GOP senators pan possibility of quick passage of airline relief

GOP senators pan possibility of quick passage of airline relief
© Bonnie Cash

GOP Sens. Pat ToomeyPatrick (Pat) Joseph ToomeyBlack women look to build upon gains in coming elections Watch live: GOP senators present new infrastructure proposal Sasse rebuked by Nebraska Republican Party over impeachment vote MORE (Pa.) and Mike LeeMichael (Mike) Shumway LeeSenate confirms Biden's Air Force secretary Trio of Senate Republicans urges Supreme Court to overrule Roe v. Wade Biden signals tough stance on tech with antitrust picks MORE (Utah) on Thursday panned the idea of quickly passing another round of aid for airlines, which have warned they will have to lay off tens of thousands of employees.

The two GOP senators argue that any bill that is taken up by Congress should be open for amendments, which would delay any work in the Senate until at least next week. The House has also left town until after the Nov. 3 election. 

"Consideration of legislation providing grants to the airlines should not happen unless there are adequate protections for taxpayers and the opportunity to offer related amendments," they said in a statement. 

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The two GOP senators said airlines, instead of another round of aid, should first apply for loans under the March $2.2 trillion coronavirus stimulus bill. The Coronavirus Aid, Relief, and Economic Security Act in March provided $25 billion in loans and loan guarantees and $25 billion in direct grants to passenger airlines.

“No one wants to see layoffs, but we have a responsibility to ensure that taxpayer resources are used in an appropriate and equitable manner," Toomey and Lee said.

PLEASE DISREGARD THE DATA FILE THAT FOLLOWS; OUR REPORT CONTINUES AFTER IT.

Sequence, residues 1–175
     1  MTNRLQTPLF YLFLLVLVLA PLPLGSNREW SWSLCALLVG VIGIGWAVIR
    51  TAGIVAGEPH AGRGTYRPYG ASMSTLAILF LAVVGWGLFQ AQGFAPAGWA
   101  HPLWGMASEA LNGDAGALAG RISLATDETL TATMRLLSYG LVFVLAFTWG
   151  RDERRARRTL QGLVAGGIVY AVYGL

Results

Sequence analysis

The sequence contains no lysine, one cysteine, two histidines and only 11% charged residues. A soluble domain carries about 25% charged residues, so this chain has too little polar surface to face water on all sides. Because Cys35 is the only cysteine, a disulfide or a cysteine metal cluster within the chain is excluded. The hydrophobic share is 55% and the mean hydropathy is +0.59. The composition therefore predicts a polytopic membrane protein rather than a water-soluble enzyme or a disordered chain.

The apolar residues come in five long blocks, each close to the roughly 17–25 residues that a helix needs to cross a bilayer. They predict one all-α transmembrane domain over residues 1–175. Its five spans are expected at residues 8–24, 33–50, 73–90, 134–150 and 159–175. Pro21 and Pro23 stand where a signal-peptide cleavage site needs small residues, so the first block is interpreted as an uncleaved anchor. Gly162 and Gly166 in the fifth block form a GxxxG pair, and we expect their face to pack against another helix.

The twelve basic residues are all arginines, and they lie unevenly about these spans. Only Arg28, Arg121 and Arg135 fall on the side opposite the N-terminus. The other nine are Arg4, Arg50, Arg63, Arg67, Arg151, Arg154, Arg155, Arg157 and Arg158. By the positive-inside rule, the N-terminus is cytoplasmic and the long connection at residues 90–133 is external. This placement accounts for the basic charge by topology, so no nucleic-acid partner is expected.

The Treasury Department announced late last month that it had offered loans to seven major U.S. airlines, including Alaska, American, Frontier, JetBlue, Hawaiian, SkyWest and United.

But Toomey and Lee, in their statement, argued that other major Fortune 500 companies, unlike airlines, had not gotten taxpayer-funded grants and that it was not "sustainable" to continue to cover carriers' entire payrolls as they try to recover from the coronavirus, which resulted in a rapid decrease of the number of people flying.

A stand-alone airline aid bill gained steam late last week after American Airlines CEO Doug Parker told employees that the process of furloughing 19,000 employees has started and United Airlines CEO Scott Kirby told employees they are moving forward with furloughing about 13,000 employees. 

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Speaker Nancy PelosiNancy PelosiHouse to resume mask mandate after new CDC guidance McCarthy pulls GOP picks off House economic panel GOP up in arms over Cheney, Kinzinger MORE (D-Calif.) called on airlines to hold off on furloughs late last week, saying she would move a stand-alone airlines aid bill. But a Democratic bill was blocked on the House floor on Friday. 

Further complicating chances of quick action, the president pulled the plug on a comprehensive coronavirus deal earlier this week, but has since softened his stance to say that he would be open to airline aid, another round of direct checks to Americans and more Paycheck Protection Program funding for small businesses. 

And Pelosi on Thursday said that there wouldn't be airline aid without a deal on a larger coronavirus relief bill. 

“The comment that I made to the administration last night was we’re happy to review what that stand-alone bill would look like as part of a bigger bill, if there is a bigger bill, but there is no stand-alone bill,” Pelosi told reporters.

--Updated at 1:26 p.m.